In 1880, when former president Ulysses S. Grant visited Houston by rail to celebrate the opening of Union Station, our city’s population was but some 16,000 people—slightly smaller than that of Galveston. In the ensuing decade, however, the growth of the railroads, combined with our state’s cotton- and lumber-based economy, would help the Houston economy to thrive.
Two neighboring landmark buildings from our post-Reconstruction boom still survive today, on the 900 block of Prairie Street: the two-story Scholibo Building (1880) and thew three-story Charles Brashear Building (1882). The former, at 912 Prairie, is named for the family of German-born baker Charles Scholibo (1844–1900). Over the course of the 20th century, the structure, marked by its Italianate architecture, would be home to many businesses. Restored and renovated in the 1990s, it now houses the Fryar Law Firm.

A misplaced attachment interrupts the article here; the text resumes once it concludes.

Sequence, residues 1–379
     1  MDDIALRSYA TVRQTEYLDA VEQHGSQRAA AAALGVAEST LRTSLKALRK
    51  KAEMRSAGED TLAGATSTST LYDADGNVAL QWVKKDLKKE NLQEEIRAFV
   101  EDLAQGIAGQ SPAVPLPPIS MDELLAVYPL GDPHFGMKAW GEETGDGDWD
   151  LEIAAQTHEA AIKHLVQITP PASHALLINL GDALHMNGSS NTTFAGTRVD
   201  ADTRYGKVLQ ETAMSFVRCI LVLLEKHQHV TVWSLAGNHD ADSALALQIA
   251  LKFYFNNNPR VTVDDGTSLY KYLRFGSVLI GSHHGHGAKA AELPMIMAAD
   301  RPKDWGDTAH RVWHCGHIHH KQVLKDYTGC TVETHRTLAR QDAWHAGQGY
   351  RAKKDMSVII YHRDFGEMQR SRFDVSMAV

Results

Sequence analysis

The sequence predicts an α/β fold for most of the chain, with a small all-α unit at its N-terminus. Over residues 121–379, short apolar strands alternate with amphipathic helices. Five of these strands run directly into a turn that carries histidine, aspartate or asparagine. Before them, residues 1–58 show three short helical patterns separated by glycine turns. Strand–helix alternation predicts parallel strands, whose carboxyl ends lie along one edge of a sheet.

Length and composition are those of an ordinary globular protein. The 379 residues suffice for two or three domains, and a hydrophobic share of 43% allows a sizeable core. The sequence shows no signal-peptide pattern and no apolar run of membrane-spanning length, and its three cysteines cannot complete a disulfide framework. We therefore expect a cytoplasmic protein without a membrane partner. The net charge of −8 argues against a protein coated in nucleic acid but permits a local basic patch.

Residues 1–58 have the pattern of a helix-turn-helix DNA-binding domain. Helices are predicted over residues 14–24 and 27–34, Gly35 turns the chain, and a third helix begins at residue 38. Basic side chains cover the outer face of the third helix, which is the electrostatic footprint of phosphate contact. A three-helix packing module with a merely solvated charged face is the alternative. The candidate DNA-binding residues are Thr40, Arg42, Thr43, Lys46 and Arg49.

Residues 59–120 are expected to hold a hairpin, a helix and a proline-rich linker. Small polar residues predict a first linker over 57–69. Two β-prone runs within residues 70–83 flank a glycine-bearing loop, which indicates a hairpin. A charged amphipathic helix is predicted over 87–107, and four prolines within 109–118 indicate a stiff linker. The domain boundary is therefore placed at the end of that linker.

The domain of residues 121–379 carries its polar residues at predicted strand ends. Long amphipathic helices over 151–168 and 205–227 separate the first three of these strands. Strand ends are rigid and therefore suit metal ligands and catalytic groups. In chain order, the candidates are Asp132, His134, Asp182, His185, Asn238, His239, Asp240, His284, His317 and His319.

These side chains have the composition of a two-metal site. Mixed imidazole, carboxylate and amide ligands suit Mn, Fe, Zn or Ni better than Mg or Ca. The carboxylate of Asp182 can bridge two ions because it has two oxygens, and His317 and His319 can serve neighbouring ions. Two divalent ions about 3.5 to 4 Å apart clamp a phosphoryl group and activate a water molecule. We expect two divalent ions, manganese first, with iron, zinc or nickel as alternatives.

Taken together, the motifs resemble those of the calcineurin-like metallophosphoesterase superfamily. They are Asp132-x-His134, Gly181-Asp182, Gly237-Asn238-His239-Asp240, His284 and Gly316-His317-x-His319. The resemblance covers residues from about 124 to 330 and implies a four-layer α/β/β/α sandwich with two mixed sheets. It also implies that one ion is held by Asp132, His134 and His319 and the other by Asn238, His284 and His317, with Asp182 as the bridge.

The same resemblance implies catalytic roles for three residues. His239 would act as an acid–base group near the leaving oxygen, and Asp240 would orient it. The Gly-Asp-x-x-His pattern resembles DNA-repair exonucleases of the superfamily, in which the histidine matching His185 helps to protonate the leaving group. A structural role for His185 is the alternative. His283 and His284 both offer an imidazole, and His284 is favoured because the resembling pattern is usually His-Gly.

Banker Charles Brashear (1839–1911), born a Houstonian in the era of the Republic of Texas, was the scion of a locally prominent family; one cousin, Sam Houston Brashear, served as mayor of Houston in the late 1890s. The Victorian building at 910 Prairie that bears his name was designed by noted architect Eugene Heiner (1852–1901). Heiner’s other work includes Houston’s old Cotton Exchange Building (1884), at 202 Travis, and a number of courthouses throughout the state of Texas.
Read more in the 2016 Spring H Texas issue, available soon on newsstands and digitally.